Results: Enterprise Workload Performance
Our next set of tests simulates different enterprise-oriented workloads, including database, file server, Web server, and workstation configurations.
The database workload (also categorized as transaction processing) involves purely random I/O. Its profile consists of 67% reads and 33% writes using 8 KB transfers.
The database profile normally rewards SSDs with strong random write performance. It puts the 845DC EVO near the bottom of the pack, though ahead of Intel's SSD DC S3500.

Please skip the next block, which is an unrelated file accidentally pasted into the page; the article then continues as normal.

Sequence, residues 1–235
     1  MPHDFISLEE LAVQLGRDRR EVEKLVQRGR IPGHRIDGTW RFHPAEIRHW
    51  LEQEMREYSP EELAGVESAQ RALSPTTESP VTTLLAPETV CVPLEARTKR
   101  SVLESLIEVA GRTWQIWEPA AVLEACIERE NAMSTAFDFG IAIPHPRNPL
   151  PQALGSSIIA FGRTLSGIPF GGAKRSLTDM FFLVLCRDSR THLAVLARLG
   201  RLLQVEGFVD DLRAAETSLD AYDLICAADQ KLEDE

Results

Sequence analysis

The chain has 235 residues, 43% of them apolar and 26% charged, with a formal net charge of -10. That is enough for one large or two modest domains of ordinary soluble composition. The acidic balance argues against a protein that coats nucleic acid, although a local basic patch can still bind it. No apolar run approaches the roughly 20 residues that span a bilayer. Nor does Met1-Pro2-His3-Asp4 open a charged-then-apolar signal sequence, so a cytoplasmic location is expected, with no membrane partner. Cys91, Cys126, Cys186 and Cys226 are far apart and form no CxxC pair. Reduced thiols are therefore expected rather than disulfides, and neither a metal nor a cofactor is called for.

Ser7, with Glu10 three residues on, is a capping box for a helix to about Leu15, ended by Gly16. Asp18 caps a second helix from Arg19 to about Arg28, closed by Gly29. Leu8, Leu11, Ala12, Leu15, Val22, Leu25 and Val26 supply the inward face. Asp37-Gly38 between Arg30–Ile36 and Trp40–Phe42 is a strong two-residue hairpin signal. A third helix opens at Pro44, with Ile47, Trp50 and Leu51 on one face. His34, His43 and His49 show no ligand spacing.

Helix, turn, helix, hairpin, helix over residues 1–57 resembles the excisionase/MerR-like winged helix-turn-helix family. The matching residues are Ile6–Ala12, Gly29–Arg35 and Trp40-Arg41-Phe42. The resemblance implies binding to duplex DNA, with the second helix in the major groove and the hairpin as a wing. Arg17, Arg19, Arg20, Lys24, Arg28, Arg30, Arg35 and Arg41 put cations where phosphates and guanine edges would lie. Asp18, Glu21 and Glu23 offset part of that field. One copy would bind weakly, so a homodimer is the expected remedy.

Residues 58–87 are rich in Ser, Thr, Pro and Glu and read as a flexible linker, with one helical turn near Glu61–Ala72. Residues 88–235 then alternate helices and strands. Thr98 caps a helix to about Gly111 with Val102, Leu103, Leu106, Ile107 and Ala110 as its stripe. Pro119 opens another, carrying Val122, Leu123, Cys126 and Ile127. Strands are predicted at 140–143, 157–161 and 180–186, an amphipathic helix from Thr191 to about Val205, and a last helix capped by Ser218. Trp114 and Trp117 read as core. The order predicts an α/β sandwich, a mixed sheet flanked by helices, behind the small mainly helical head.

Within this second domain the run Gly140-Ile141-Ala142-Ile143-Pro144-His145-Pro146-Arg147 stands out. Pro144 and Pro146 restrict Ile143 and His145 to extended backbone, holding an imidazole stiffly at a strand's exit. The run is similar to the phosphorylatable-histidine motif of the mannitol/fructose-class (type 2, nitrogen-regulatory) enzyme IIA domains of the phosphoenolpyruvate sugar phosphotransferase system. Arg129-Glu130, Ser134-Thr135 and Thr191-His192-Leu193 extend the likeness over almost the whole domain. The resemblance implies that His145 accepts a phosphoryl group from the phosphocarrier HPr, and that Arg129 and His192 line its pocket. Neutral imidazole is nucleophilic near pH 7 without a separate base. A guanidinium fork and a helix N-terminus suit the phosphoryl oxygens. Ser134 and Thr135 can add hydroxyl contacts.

In the file server workload, which consists of 80% random reads of varying transfer sizes, the 845DC EVO narrows the gap. However, it still trails the drives offering better random write throughput.
The Web server workload (100% reads of varying transfer sizes) is more to the 845DC EVO's liking; the purely read-based test allows Samsung's latest to stretch its legs. Only SanDisk's SAS-based Optimus Eco tops it in this round of testing.
Finally, the workstation benchmark (80% reads, 80% random), which introduces write operations back into the mix, pulls the Samsung SSD back to the middle of the pack.
Overall, the 845DC EVO does really well in read-intensive applications. Once writes, even at a low percentage, are mixed in, Samsung succumbs to SSDs with better random write specifications.